Spain's free-flowing football often gets the headlines but Gerard Piqué told UEFA.com it is the "secure platform" of a mean defence that allows them to "attack with confidence".
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There is so much to admire and analyse in the elegant brand of football with which Spain have seduced us over the last four years that sometimes we forget to praise the basics – starting with defending.
In the last three tournaments – UEFA EURO 2008 and 2012 plus the 2010 FIFA World Cup – Spain have conceded just six goals in 17 matches, keeping a clean sheet in all eight knockout ties. That does not happen by chance. Interestingly, La Roja have used three different central defensive partnerships in the above competitions – Carles Puyol and Carlos Marchena, Puyol and Gerard Piqué, and now Piqué alongside Real Madrid CF's Sergio Ramos.
Álvaro Arbeloa and Jordi Alba have made their tournament debuts in Poland and Ukraine as first choice full-backs, yet the defensive efficency remains. The added protection provided by Xabi Alonso and Sergio Busquets, plus the degree to which every Spain player is capable of maintaining possession, prove that other facets are important although the defensive HQ is still at centre-back.
Ramos and Piqué are a relatively untested pairing, and there is also no ignoring the fact they have been fierce opponents in the hotly contested series of Clásico matches between Madrid and FC Barcelona. Piqué sat down with UEFA.com to discuss Spain's progress and share his opinion on the best way to blunt the threat of his former Manchester United FC team-mate Cristiano Ronaldo.
"Before the tournament there was a lot of talk about how Sergio and I had hardly played together and how, perhaps, we didn't have a very good relationship," he said. "However, game by game we've shown that's not true and in the meantime we've got to know each other's games better. The fact that the only effort on goal France had in the quarter-final came from a free-kick shows we've got it together defensively. We're providing a secure platform so the rest of the side can push forward and attack with confidence."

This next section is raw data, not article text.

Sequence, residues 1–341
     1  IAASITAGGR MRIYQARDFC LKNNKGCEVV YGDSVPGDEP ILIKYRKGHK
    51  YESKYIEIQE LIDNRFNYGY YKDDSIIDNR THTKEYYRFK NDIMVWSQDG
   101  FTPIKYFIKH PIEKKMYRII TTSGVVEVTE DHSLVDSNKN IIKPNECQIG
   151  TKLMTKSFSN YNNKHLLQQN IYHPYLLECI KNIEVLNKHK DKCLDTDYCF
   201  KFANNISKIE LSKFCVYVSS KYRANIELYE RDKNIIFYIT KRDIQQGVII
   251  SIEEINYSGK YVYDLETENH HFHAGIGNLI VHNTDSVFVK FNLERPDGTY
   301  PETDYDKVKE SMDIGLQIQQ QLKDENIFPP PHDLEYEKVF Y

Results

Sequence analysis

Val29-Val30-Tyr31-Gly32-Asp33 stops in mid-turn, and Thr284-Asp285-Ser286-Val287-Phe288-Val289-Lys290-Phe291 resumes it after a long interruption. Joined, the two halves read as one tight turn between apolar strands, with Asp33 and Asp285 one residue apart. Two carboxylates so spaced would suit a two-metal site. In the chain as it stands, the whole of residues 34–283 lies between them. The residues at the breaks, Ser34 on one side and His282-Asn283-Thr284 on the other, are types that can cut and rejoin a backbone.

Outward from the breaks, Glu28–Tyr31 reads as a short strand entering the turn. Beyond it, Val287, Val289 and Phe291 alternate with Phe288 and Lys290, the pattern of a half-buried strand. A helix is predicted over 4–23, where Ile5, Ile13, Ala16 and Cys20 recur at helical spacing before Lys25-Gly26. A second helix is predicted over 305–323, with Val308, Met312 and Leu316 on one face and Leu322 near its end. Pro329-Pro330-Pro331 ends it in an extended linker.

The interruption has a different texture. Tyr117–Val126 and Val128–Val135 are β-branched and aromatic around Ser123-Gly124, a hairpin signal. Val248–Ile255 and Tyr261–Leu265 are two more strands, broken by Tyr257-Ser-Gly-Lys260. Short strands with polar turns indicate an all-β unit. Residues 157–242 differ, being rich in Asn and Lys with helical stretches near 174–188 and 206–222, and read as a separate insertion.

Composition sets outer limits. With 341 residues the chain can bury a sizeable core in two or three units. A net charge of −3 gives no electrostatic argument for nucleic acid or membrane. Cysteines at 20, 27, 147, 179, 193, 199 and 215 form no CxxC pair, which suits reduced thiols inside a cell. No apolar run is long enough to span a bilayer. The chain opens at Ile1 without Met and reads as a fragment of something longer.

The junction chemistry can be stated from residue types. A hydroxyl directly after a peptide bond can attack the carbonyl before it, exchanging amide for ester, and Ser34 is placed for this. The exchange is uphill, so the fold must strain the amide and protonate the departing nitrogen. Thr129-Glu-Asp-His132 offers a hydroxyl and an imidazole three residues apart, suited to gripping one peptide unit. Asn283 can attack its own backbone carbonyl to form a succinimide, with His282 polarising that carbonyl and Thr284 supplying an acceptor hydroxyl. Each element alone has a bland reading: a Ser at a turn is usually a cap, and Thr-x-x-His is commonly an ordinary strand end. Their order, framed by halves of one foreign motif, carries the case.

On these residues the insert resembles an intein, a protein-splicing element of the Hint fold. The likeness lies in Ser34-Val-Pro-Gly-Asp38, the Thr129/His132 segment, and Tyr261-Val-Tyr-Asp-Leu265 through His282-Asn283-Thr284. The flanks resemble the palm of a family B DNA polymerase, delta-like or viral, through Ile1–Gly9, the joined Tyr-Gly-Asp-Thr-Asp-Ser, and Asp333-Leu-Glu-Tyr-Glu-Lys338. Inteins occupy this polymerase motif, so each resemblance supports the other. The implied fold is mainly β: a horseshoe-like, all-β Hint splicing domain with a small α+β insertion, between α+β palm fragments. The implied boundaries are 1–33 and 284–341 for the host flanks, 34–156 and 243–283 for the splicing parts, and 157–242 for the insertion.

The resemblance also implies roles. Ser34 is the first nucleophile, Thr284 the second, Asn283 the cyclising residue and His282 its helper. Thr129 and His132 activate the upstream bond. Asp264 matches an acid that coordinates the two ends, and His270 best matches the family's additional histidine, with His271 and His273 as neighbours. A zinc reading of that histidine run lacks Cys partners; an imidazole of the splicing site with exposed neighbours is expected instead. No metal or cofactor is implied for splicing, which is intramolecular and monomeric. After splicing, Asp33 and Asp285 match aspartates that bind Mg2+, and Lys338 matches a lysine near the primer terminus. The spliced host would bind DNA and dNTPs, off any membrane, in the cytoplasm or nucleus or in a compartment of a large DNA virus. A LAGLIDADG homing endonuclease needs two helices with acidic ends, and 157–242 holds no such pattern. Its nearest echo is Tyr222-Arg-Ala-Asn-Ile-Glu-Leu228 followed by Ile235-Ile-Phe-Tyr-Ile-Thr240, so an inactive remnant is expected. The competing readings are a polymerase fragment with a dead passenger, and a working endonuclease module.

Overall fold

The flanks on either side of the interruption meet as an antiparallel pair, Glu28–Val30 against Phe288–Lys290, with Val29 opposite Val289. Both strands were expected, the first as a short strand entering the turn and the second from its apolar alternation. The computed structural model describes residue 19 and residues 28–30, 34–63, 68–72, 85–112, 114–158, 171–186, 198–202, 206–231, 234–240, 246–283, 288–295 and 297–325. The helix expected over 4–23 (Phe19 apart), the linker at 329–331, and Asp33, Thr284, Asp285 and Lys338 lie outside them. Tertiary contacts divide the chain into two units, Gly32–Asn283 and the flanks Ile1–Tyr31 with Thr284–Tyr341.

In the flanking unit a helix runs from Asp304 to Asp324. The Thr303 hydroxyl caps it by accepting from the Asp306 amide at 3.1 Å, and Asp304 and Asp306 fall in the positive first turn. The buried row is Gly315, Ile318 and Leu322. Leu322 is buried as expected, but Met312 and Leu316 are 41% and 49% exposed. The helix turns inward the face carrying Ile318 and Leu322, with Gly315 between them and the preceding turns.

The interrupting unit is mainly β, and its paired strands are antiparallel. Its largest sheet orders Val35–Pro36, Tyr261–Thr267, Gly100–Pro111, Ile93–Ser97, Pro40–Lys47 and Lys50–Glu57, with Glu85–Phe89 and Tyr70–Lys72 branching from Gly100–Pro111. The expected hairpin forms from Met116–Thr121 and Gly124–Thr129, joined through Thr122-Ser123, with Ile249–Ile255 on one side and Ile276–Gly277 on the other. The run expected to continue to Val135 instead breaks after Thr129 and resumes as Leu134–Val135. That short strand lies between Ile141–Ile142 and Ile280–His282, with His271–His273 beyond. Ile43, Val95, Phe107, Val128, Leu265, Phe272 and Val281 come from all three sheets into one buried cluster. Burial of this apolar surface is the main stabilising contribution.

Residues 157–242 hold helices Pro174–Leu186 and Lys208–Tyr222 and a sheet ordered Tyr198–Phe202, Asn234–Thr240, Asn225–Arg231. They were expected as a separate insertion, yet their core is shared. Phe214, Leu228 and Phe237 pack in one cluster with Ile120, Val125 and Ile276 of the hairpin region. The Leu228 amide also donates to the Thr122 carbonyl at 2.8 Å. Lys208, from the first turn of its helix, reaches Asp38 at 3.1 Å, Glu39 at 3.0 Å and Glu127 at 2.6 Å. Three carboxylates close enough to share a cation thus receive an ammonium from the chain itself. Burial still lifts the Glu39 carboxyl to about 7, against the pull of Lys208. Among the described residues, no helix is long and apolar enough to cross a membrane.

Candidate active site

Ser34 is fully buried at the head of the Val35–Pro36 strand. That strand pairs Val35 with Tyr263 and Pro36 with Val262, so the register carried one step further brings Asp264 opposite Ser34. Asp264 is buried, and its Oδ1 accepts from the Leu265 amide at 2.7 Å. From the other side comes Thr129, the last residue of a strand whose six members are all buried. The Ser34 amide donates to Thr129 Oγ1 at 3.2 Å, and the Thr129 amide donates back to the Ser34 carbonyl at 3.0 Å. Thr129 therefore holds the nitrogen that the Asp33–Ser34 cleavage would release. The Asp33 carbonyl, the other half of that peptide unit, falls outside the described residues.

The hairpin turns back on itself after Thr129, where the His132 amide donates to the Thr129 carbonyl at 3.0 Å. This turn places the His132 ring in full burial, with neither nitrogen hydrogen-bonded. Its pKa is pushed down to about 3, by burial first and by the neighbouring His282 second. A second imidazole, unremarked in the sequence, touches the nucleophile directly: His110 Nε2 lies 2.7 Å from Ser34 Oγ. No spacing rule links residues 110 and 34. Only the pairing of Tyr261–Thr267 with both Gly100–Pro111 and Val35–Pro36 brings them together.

Regarding Ronaldo, the ultimate question is whether the forward, who already has three goals and put Portugal in the semi-final with a thumping header against the Czech Republic, poses an unquenchable threat – or do the facts that Piqué has regularly thwarted him, and that Ramos works with him every day in club training, tilt the scales towards the holders?
"The time when you have to be most focused on Ronaldo is actually when you have the ball," explained the 25-year-old, who played alongside the Portugal captain for three years at Old Trafford. "He's at his most dangerous then, because if your team lose the ball and he starts to run when you've lost a sense of where he is, then he can be unstoppable. One thing is sure, it's not about me and Cristiano, or any other player and Cristiano.
"The entire defence has to help each other defend against him. If one of us in particular is covering Ronaldo and watching where he's attempting to go, then that player must not give him space or time to think because then you are dead. Really, you have to be right next to him all the time and the most important thing is that he must not be allowed to turn, because if he does and starts to run then it's really difficult to stop him."
It sounds like Ramos and Piqué have a tough night ahead.